“Maricella is an example to everyone,” we are told.
It’s true. An activist with an entrepreneurial streak, Maricella is a farmer, a community organizer who participates in her municipal government and a commission set up by Wendy Widman, the first lady of Guatemala, an advocate for children’s health, and a teacher who passes on her skills in farming and sewing to others.
Though she understands Spanish, she speaks to us in an indigenous Mayan language as she explains the process by which she farms the small plot, showing us how she prepares her garden for planting, adding compost made out of rabbit waste and processed by worms. It’s an elaborate set-up and quite a project. Especially for something kept secret.
“When I first started going to meetings and getting involved,” Maricella told us, tears in her eyes, “my grandmother forbid me from participating. But now she has gotten older, and I can sneak around.”
The payoff for sneaking around comes in the form of fresh vegetables—food that feeds Maricella’s family and allows them to save the money that they might spend in the marketplace. However, in this region of Guatemala, women typically do not own land. Maricella relies on the generosity of her uncle, who owns the land on which she lives and farms, and she fears that her grandmother could find out and force her to quit.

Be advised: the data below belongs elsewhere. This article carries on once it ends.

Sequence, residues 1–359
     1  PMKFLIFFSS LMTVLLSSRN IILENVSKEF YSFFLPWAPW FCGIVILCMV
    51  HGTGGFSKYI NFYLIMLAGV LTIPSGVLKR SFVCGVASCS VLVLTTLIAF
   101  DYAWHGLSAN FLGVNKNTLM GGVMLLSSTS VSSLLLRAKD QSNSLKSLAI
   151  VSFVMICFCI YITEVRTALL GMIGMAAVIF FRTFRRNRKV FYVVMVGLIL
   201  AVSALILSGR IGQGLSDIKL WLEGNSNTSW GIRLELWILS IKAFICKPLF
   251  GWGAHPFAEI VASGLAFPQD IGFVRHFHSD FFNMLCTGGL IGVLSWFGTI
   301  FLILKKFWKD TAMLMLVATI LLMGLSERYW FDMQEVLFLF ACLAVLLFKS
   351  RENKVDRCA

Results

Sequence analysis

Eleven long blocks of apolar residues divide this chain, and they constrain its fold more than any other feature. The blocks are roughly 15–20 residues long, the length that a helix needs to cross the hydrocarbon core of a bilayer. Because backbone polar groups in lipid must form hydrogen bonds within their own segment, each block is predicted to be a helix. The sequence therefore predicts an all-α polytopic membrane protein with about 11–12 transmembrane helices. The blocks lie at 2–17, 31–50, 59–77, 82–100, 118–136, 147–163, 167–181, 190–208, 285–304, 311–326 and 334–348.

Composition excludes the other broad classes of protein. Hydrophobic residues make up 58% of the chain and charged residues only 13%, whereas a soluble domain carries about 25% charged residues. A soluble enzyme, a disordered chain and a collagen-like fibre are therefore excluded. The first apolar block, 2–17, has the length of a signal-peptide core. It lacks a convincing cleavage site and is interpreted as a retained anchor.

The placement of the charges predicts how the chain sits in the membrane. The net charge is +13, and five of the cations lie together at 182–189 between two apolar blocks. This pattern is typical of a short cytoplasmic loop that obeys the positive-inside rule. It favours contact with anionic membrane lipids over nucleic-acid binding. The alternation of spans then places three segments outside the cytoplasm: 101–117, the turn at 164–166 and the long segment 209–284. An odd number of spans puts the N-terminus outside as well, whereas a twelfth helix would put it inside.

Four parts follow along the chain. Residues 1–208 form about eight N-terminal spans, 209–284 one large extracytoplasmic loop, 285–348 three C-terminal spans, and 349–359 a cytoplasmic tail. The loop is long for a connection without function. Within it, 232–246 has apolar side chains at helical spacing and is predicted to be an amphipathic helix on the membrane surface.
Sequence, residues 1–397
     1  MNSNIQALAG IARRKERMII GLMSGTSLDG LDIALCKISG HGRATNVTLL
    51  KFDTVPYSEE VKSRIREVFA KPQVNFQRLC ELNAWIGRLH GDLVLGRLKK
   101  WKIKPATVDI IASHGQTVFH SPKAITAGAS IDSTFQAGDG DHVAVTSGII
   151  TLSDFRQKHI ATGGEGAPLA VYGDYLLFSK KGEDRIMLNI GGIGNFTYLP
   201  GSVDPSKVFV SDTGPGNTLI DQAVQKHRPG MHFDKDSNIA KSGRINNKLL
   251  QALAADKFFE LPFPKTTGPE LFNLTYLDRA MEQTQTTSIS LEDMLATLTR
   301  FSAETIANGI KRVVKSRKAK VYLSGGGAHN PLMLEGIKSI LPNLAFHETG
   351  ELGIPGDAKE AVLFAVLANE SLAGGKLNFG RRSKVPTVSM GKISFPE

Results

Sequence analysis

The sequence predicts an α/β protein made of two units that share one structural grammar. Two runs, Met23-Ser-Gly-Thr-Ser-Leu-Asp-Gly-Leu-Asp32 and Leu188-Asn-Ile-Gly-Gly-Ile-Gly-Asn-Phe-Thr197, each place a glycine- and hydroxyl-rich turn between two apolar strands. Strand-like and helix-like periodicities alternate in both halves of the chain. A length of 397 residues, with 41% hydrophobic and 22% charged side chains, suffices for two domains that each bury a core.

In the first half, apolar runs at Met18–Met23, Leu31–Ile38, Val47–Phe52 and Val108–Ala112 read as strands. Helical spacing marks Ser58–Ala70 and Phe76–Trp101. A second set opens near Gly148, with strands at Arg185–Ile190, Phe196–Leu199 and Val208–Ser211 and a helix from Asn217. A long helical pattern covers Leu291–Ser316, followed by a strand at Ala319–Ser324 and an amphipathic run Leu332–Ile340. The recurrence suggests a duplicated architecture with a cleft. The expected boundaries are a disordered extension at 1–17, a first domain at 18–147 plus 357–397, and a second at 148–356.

Maricella is at once quiet and strong, and despite her shyness, her eyes radiate joy as she talks about her work—work made possible through the innovative work of Week of Compassion ecumencial partners, Foods Resource Bank and Church World Service, and the development wing of the Conference of Evangelical Churches of Guatemala (CIEDEG), a local partner.
In their recent book, Half the Sky, Nicholas Kristof and Sheryl WuDunn share story after story of women who, given the opportunity to participate in small-scale development and entrepreneurship, are able to turn their talents and skills into ways to feed and generate income for their families. Women, Kristof and WuDunn argue, are the key to sustainable development—families, communities, and nations need the talent, effort, and full participation of women in order to break cycles of poverty.
Women like Maricella show us exactly what it means to live out Courageous Compassion. It was an honor to be in her presence and know that our churches have invested in her brilliance, her fearlessness, and her willingness to risk, giving rise to something truly special.
Maricella is what justice work looks like.
I pray a prayer of gratitude for your willingness to make such an investment. It is humbling to see what our partnerships make happen. Thank you for your Courageous Compassion.
- Brandon Gilvin